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Little Budging in Labor Talks

October 03, 2003|Helene Elliott | Times Staff Writer

Although NHL Commissioner Gary Bettman said he looked forward to the opening of the season next week as "a time of optimism and renewal for fans, teams and those of us in the league office," the possibility of a work stoppage in September continued to darken the horizon.

Representatives of the NHL and the players' union met Wednesday in Toronto, their largest gathering in a series of meetings that began in January.

Bettman said Thursday's talks were "a constructive session insofar as we had a candid exchange of ideas and positions." However, Bob Goodenow, executive director of the NHL Players' Assn., was less sanguine.

"Based on what we saw [Wednesday], there's little cause for optimism," Goodenow said Thursday. "Players attended with the view of discussing proposals and owners' concerns in the context of a market-based system. But owners showed no interest in discussing anything but an NFL-style hard cap.... Everything we heard related to an NFL-style hard cap."

Bettman declined to discuss specifics of the session, the first to bring together high-level league and NHLPA officials, players and several owners. But he said during a conference call with reporters the league remained determined to adopt a system that will achieve cost certainty, which he described as "a concept that has a definable relationship between revenue and expenses."

He added, "How you do cost certainty is the type of system that you want, and that we are flexible on, and we have repeatedly said that. But based on the problems we need to address, we have to have cost certainty."

The NHL claims its 30 clubs had operating losses of more than $300 million last season and spent 76% of revenue on players' salaries. The union has been skeptical of such numbers, contending many clubs paint incomplete pictures of their financial health by excluding arena revenue from their statements.

Principals on both sides said talks would continue, but no date was set.

Said Bettman: "There are many more such steps ahead of us, but I prefer that they're behind the scenes, where they belong, so the competition on the ice can get the attention it deserves."

On the ice, the crackdown on obstruction that began last season will continue, NHL Vice President Colin Campbell said.

"We thought it would take three years to get it out, and I thought we made a lot of progress last year," he said. "We're still working on it, and we hope to take it further this year and clear it up by next year and hopefully by this year."

The league will also make surprise checks of goaltenders' equipment close to game time, rather than in the afternoon, minimizing the chances a goalie can present approved gear for measurement, then switch to unapproved gear for games.

"We're going to be more thorough now," Campbell said.

Also, goalies are being videotaped and their equipment logged by trainers, who are required to inform the league of each equipment switch.

Bettman also said negotiations were ongoing with ABC/ ESPN regarding their five-year, $600-million contract, which expires after this season.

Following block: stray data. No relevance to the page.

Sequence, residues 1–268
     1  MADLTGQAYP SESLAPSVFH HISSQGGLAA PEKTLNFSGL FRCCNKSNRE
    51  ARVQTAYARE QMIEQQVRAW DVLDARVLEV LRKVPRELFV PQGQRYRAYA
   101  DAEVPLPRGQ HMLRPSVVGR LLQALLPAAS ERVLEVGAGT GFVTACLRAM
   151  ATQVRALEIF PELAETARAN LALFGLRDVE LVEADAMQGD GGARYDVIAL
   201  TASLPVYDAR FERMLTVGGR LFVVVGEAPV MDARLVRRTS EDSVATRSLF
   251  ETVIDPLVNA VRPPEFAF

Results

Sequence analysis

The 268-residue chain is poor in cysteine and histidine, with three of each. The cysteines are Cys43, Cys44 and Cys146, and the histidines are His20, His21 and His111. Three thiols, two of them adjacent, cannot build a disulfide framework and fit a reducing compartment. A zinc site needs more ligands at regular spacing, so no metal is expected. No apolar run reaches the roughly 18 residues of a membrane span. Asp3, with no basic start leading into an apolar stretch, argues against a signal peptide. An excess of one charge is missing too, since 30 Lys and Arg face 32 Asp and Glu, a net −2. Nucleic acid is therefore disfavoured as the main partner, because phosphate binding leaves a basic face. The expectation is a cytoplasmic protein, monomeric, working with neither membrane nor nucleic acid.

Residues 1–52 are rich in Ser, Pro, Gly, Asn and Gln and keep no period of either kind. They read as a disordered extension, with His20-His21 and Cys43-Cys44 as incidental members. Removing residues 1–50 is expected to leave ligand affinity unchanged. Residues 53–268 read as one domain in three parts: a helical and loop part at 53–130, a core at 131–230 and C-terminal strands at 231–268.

Sending the strongest signal yet the Kings will begin the season without forwards Jason Allison and Adam Deadmarsh, Coach Andy Murray said he is prepared to go on without them for Thursday's opener at Detroit.

"Right now, they're not in the lineup, that's what we're planning," Murray said. "Until they can tell us they can do contact, we're preparing to play a game with the lineup we have now."

Deadmarsh, who has a concussion, and Allison, who has whiplash, have gradually improved from last year's season-ending injuries since training camp began three weeks ago.

Deadmarsh said earlier this week he was "99% there," and Allison skated through his toughest workout yet Thursday.

Still, neither player has been cleared for contact.

They will not play in a preseason game -- tonight is the King exhibition finale against the Mighty Ducks -- and will not be in uniform against Detroit unless there is an unforeseen surge of improvement.


Defensemen Tomas Zizka, who has a broken finger, and Jaroslav Modry, who had off-season shoulder surgery, are expected to play tonight. Defenseman Denis Grebeshkov, who has a severely bruised forearm, could be cleared to play within a few days, Murray said.


Steve Rucchin averaged 21 minutes 5 seconds per game last season. Sergei Fedorov averaged 21:10. Both are expected to play more this season.

That seemingly does not leave many minutes for other Duck centers.

"With Rucchin and Sergei, we have two big guys who can play both ways and are very different types of players," Coach Mike Babcock said. "And the other thing about that is one is going to push the other."

Even if Rucchin and Fedorov log a portion of their minutes on the power play and killing penalties, that still leaves fewer shifts for other centers, including Samuel Pahlsson, who emerged as a quality player during the Stanley Cup playoffs.


Fedorov scored his first goal in an Anaheim uniform Thursday night as the Ducks beat the Phoenix Coyotes, 3-1, in an exhibition game in Phoenix.

Craig Johnson and Joffrey Lupul also scored for the Ducks.


Times Staff Writers Mike Bresnahan, Chris Foster and Associated Press contributed to this story.

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